Also, we have to beware of those who tell us that we are only of any worth if we are leaders. We are not all leaders, and the usual qualification for leadership these days is to be a bully, a criminal who has stolen the money and livelihoods from others, the kind of person that suffers no anxiety, fear or qualms of conscience. That is the perfect recipe of a modern politician – in it for what he or she can get. Forget traditional masculinity (or femininity for that matter) but the Mensch within us, what is human and constructive according to the other ideals we find in the teaching of Christ.
We are all different as persons, and our strengths and weaknesses are complementary rather than opposed. My education taught me to do the best possible with what I’ve got. I also have a high degree of empathy for others – and could not in conscience compete against others, because it is improving my own life at the expense of others. Mors tua vita mea, the very opposite of Christ’s teaching on self-sacrifice. That is the paradox of Christianity that makes it so useless and bereft of credibility in a world where human beings behave like ravenous dogs.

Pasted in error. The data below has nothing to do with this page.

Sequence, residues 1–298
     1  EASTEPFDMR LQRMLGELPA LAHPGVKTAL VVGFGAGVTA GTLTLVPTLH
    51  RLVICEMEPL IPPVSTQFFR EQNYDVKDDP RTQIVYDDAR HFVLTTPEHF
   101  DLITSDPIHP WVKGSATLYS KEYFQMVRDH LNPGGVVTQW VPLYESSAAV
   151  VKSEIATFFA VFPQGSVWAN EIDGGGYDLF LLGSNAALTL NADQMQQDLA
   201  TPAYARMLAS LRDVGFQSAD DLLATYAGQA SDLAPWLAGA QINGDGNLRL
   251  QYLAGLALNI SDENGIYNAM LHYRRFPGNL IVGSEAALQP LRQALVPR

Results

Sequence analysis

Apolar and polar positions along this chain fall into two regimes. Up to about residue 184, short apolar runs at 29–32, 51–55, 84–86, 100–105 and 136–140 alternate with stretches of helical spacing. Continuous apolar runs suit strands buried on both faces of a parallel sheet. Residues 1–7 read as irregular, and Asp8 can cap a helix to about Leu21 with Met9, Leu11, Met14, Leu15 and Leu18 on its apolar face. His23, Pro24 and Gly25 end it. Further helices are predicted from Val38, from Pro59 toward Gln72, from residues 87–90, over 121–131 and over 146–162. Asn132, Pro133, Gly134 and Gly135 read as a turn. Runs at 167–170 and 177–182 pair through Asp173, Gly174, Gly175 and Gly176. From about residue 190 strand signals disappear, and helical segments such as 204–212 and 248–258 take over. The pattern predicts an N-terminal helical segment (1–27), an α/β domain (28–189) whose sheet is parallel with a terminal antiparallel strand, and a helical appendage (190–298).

Post-modern political correctness has pushed us to the opposite extreme in which elites are either abolished or reversed. We are expected to be what we are not. Feminism becomes as toxic as masculinism, because much of it is reversed sexism. My experience of marriage has shown me how much women sometimes want to be more powerful and aggressive than men, but their entire way of thinking and feeling is different. My experience of what psychologists call Aspergers has for me broken down those walls and enabled me to empathise with the feminine without becoming a caricature of it.
I have had to reflect a lot about politics and the differences between conservatism and liberalism. Some comments I have had on this blog have represented the extreme of one or the other and have been quite painful to read. My understanding of the meanings of these words is different from that of most people. I do believe that a father of a family should be able to defend his wife and children from enemies and criminals, even with the use of weapons when no other way is possible. I think many non-dominant men would be capable of such action under the degree of provocation.